Suffering is actually a good thing in one's life (however it is usually a choice). It makes you stronger and when the suffering dissolves you're more appreciative and have more gratitude for your life. But some of us get stuck in the suffering loop and it's hard to get out of it. We get stuck with the old stories and build our present on the past which just is more of the same. Releasing the suffering, the old stories and the old patterns is the key to being in the present moment. And only in the present moment is where gratitude lives, it does not live in the past or the future. Regret lives in the past and worry lives in the future. Now is a present!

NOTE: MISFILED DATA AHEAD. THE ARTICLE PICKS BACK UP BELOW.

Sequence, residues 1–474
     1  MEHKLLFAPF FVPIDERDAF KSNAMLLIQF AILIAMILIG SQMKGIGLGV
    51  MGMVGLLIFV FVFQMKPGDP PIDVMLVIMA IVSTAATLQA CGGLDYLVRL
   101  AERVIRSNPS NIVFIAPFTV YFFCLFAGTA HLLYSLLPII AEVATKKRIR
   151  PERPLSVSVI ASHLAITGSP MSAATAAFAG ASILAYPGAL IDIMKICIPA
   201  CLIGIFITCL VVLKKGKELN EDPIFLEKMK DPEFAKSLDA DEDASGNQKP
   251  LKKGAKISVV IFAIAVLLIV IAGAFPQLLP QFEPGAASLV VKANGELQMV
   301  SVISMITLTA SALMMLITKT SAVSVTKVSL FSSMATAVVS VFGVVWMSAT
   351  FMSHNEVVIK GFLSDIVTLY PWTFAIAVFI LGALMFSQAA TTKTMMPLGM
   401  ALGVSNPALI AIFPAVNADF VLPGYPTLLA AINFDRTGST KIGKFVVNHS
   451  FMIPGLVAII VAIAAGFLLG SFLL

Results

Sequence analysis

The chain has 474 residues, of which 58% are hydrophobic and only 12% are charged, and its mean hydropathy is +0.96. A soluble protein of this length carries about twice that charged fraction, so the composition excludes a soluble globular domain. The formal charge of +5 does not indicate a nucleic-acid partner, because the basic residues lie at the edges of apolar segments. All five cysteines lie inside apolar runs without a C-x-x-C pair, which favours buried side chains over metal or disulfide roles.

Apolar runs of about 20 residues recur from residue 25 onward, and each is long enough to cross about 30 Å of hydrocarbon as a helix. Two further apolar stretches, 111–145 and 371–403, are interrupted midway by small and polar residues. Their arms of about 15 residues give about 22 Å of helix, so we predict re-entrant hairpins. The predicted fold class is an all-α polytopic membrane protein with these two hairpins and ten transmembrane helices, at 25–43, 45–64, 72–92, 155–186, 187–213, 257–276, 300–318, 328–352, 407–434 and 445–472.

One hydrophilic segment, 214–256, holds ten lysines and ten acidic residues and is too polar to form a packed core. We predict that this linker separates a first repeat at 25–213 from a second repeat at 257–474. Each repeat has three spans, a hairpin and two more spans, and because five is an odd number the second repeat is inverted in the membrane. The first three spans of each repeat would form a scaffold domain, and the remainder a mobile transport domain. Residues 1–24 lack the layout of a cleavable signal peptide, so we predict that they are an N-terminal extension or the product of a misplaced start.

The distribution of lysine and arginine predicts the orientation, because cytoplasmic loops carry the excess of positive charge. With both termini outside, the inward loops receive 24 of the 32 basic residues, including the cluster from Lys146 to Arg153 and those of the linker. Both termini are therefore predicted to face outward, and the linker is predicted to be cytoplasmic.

You may go about your day (or even your yoga practice) focusing on other things besides what's happening right now...dwelling on what has already happened in the past or thinking about a future that may or may not happen. In the meantime you can bypass a good chunk of your life; you could be experiencing something that could profoundly affect you but you wouldn't know it because you're not paying attention. (This is also true in a yoga pose.) Paying attention is one of the key components of transformation and of enlightenment and releasing the pain response whether it is physical or mental. You are completely unable to change something that you are not aware of and sometimes recognizing something takes your full attention and intention.